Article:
One French runner has shown the possibilities of home exercise by running a full-distance marathon on his balcony.

EAT: scran onboard was usually pretty good and broke up the monotony of patrols. Take time to prepare meals. A good mix of “feast & famine” will stop the pounds piling on - one boat dis Steak Saturdays, Fishy Friday, Curry & Pizza nights. On other days soup & bread was enough.

3) Eat healthy.

Richard Kavanagh served as a radar operator on submarines for 12 years. Eating is key, not just for your physical health, he said. “If you eat badly your serotonin will drop and you will go into depression.”

Having regular mealtimes also helps. Herman said that when he was on submarines he could tell what day it was by the food that was served. “Steak night is Saturday, Sunday is Chinese, and Friday is fish. You can mark the weeks off by the rituals of different days.”

Pete Chilcott, a Navy medic who spent more than 30 years in the service, agrees. “The routine is everything,” he said. “It’s like being at home. You have breakfast, lunch, a snack, and dinner at seven.”

Since you are moving around less, Chilcott noted, your appetite might drop.

Still, submariners on patrol can relate to the need to stock up on food. According to one report, a submarine on patrol for six months consumed 1,902kg of beans, 16,032 eggs, and 20,040 sausages.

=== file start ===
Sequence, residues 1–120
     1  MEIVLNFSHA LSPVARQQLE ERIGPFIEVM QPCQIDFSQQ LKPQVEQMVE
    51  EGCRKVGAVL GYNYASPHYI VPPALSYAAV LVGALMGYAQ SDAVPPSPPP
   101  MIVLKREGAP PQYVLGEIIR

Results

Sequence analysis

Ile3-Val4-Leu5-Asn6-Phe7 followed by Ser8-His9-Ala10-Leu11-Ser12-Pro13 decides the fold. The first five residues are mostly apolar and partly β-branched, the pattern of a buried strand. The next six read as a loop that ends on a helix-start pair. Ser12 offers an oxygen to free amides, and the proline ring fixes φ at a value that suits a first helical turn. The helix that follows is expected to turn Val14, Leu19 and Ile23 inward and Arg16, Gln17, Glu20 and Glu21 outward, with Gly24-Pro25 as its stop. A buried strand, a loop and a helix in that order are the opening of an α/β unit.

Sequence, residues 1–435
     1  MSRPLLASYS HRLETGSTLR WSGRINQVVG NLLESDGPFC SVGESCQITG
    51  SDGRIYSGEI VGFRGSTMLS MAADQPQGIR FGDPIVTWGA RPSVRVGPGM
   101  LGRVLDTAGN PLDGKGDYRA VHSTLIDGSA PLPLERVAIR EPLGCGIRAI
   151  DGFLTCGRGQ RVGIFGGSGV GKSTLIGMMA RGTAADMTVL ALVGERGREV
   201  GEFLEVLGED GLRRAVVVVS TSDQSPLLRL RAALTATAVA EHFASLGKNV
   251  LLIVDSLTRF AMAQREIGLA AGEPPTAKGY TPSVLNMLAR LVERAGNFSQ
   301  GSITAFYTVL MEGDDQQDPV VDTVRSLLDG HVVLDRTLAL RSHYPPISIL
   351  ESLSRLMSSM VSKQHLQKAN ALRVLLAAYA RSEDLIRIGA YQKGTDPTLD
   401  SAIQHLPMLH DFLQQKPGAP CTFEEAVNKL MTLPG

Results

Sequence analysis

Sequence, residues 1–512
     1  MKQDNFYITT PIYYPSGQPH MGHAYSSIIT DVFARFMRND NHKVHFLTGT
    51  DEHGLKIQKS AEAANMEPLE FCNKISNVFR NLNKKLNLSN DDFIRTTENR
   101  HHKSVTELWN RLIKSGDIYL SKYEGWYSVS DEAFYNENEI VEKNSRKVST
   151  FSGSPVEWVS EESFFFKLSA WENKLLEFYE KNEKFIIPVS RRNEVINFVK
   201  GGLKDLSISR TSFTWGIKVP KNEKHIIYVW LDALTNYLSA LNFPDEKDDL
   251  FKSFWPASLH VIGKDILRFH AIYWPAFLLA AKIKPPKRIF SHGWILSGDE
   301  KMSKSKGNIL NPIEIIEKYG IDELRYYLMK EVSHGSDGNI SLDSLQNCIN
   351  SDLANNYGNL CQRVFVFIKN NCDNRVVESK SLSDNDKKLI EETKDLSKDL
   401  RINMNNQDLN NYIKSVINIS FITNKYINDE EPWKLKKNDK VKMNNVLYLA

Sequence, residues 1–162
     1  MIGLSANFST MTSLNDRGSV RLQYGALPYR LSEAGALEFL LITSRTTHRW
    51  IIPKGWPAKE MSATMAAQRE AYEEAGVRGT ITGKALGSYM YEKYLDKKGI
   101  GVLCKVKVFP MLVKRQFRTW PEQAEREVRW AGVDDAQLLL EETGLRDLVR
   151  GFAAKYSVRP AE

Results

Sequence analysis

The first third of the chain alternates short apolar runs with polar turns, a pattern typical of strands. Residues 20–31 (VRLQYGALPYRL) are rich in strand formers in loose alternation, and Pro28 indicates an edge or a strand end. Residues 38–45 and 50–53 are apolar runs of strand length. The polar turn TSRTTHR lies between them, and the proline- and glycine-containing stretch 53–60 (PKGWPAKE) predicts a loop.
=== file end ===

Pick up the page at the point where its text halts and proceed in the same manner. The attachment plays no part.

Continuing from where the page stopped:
4) Start something new.

Ron Gordon served in the navy from 1964 to 1998, rising from an apprentice electrical engineer to becoming a lieutenant commander in the Submarine Service. “It was just like a floating hotel with all your colleagues,” he said. “We were watchkeeping or working, and in our spare time, reading or doing hobbies.” He recommends people make time for games and social interaction while stuck indoors.

“Lots of guys had different hobbies,” Gordon said. “Making fly fishing baits, puzzles, even knitting. It gave them a challenge.” Kavanagh agreed with the need to stay occupied. “At sea the biggest thing was to keep your mind active,” he said. He recommends using brain training games to stay mentally fresh.

Ramsey said that people should look on the bright side of having more free time. With no commute, “you’ve just cut down on a load of non–value added time,” he said. “You can use it to take up a new hobby.”

5) Keep talking — and joking.

Gordon said that while he was serving, they received a 40-word “Familygram” from their families once a week. “It was always checked out before it was sent so there was no bad news,” he said. But he recommends people stay in close contact with friends and family.

Ramsey advised that you talk to people regularly as “conversation is really important” and that “it keeps you informed — and your friends.”

Banter is essential, according to Kavanagh. “We ripped the living piss out of each other,” he said. “Ever since leaving the Navy, if I can laugh at myself I can laugh at anything. At this moment when stress is high, it’s really important you don’t stress the little things.”

Ramsey agrees. “Remember, there is an end to this, and you can still go for a walk!”


Ryan Ramsey’s name was misspelled in an earlier version of this post.